Google has housed its productivity apps under the Google Drive label since launching it in 2012, but no longer. The search giant on Wednesday unbundled new Docs and Sheets apps—for text documents and spreadsheets, respectively—and will shortly also release Slides, a PowerPoint rival, into the wild as well.
It’s not entirely clear why Google is backing away from its monolithic Drive approach, although it’s apparently fairly serious about nudging users into the new standalone apps:
If you don’t have time now, over the next few days you’ll be prompted to download the apps when you go to edit or create a document or spreadsheet in your Drive app.
Google, however, also made clear that Drive isn’t going away, so the strategic direction here is a bit murky. Some have speculated that Google wanted to unlimber its apps to compete more directly with Microsoft Office (now available for the iPad as well as on Windows devices) and Apple’s own iWork productivity suite—primarily Pages for documents, Numbers for spreadsheets and Keynote for slides.
So let’s have a quick look at how Google Docs and Google Sheets stack up against their rivals.
Google vs. Microsoft vs. Apple
- Price: Docs and Sheets are free (presumably, Slides will be as well). So are Apple’s offerings—at least to buyers of new iDevices. Others pay $10 for Pages, Numbers and Keynote—each—so that’s $30 for all three. Office for the iPad, meanwhile, is technically free, although the app limits you to read-only document access until you pony up for an Office 365 subscription, which will set you back $70 a year. (You can use the more limited Office Mobile for free on Android and iOS so long as it’s for personal use.) Winner: Google, with Apple a close runner-up
- Offline use: Google launched its Docs and Sheets apps with a new capability Drive didn’t offer—the ability to create and work on documents offline. Office for iPad allows similar access; so do the Apple productivity apps. Winner: a three-way tie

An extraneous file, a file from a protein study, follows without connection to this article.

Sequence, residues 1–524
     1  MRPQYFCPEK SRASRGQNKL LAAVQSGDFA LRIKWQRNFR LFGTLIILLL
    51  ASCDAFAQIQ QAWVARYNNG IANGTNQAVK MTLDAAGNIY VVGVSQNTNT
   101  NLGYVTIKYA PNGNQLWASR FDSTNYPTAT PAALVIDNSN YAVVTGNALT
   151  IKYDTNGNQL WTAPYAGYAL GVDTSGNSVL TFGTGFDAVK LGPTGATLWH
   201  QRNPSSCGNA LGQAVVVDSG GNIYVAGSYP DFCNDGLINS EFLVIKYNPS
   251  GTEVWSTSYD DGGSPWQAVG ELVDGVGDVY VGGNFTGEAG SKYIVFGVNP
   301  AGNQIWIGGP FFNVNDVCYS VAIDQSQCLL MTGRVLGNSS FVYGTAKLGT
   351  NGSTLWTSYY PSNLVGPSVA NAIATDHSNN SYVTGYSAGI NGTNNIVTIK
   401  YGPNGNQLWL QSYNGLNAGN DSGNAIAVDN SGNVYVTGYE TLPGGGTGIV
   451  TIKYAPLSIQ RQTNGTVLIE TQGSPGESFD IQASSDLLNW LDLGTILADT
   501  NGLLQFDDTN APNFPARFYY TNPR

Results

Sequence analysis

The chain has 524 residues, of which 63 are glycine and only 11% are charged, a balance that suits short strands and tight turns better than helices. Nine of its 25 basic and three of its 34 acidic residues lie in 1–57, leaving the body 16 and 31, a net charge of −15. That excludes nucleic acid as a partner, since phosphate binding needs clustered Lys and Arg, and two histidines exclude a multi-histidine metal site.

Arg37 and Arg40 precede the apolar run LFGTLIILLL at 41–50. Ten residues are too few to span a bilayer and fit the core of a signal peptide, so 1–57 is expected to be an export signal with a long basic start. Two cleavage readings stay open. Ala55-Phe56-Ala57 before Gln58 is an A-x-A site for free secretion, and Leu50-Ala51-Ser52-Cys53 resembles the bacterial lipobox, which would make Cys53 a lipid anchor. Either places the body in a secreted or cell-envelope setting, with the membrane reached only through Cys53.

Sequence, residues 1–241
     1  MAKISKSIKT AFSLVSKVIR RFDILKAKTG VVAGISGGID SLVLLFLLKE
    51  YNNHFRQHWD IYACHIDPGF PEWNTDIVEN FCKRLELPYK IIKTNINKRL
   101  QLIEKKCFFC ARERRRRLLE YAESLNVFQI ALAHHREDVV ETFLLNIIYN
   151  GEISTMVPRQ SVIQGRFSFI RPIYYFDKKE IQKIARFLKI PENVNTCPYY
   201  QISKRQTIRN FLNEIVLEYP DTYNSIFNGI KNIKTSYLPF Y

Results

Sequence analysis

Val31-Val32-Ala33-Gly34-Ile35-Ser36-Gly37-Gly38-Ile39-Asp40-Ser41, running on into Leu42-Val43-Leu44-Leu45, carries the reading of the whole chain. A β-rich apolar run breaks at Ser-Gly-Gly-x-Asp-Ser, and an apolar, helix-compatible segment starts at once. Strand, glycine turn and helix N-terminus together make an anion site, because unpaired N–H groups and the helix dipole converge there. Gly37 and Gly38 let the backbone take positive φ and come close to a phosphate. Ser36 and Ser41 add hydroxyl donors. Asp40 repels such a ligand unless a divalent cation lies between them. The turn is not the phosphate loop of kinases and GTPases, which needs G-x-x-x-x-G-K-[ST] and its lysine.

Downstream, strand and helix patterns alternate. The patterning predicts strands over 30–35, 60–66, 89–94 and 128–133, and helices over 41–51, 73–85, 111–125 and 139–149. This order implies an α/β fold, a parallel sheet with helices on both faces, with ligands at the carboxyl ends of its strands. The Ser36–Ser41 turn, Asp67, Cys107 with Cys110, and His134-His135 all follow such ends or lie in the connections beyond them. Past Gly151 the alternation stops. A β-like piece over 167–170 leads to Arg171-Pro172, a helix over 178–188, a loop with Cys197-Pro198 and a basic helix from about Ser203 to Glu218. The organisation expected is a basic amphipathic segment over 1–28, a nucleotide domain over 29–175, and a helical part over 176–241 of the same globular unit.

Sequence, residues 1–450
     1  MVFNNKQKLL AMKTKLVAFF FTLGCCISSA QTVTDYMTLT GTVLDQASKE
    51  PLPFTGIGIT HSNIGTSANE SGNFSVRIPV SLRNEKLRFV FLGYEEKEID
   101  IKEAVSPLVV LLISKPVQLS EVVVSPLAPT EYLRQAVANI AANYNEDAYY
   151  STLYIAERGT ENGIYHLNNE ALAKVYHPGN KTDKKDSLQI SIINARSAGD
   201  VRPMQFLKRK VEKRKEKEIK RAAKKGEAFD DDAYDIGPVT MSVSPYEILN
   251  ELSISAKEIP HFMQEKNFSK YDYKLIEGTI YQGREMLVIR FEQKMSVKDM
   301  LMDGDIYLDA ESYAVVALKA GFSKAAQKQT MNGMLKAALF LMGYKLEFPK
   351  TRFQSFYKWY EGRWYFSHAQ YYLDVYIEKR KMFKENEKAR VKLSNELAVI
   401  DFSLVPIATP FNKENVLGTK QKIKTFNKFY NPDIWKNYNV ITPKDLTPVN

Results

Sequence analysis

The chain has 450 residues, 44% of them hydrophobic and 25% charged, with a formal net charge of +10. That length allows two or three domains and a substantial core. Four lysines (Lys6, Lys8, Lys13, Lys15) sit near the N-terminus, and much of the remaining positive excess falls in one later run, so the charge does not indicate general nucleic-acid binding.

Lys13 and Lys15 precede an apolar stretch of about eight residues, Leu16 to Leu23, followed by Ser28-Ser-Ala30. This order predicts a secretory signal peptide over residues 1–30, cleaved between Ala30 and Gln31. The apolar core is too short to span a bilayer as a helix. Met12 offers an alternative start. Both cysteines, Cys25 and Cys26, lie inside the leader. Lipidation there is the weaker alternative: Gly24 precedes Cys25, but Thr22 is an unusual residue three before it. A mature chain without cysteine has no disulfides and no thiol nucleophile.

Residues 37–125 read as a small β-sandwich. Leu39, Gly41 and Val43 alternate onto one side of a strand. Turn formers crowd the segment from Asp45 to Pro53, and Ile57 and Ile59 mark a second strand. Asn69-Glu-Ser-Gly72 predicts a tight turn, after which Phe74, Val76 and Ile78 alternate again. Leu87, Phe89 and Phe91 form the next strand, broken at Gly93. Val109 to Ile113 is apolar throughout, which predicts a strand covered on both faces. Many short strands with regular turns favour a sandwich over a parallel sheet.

- Device availability: Google’s apps run on all Android and iOS devices, but aren’t available for Windows Phone devices. Pages, Numbers and Keynote run on all iOS devices, but not Android or Windows Phone. As for Office—well, let’s just say that in classic Microsoft fashion, you’re stuck with a hodgepodge of different options, including full-fledged Microsoft Office for Windows 8 and Windows RT tablets; Office for iPad for, well, the iPad; nothing for Android tablets and the stripped-down Office Mobile for smartphone use (iOS, Android and Windows Phone). Winner: Google
- Features: This gets messy fast. Docs and Sheets are relatively full-featured on Android devices, but on iOS they’re considerably pared down—for instance, offering no support for images, tables or hyperlinks. Apple’s iWork suite, meanwhile, generally wins high praise for its plethora of formatting options and tools such as interactive charts. Reviewers have generally praised Office for iPad (with the caveat that it’s mainly for existing Office 365 subscribers), although they have been less kindto Office Mobile; full-fledged Office on Windows 8/RT, meanwhile, has no real commercial competition. Winner: Apple, with Microsoft a close runner-up
The Great Unbundling?
It’s hard not to notice a parallel between Google’s move toward standalone productivity apps and hinted changes at its Google+ social network. Following the abrupt departure of Google+ chief Vic Gundotra earlier this week, rumors have swirled that the company may be unwinding its social tentacles from the apps and services it has enwrapped over the past year or so.
Perhaps there’s a larger unbundling trend afoot at the Plex.
Image by Flickr user Adam Hyde, CC 2.0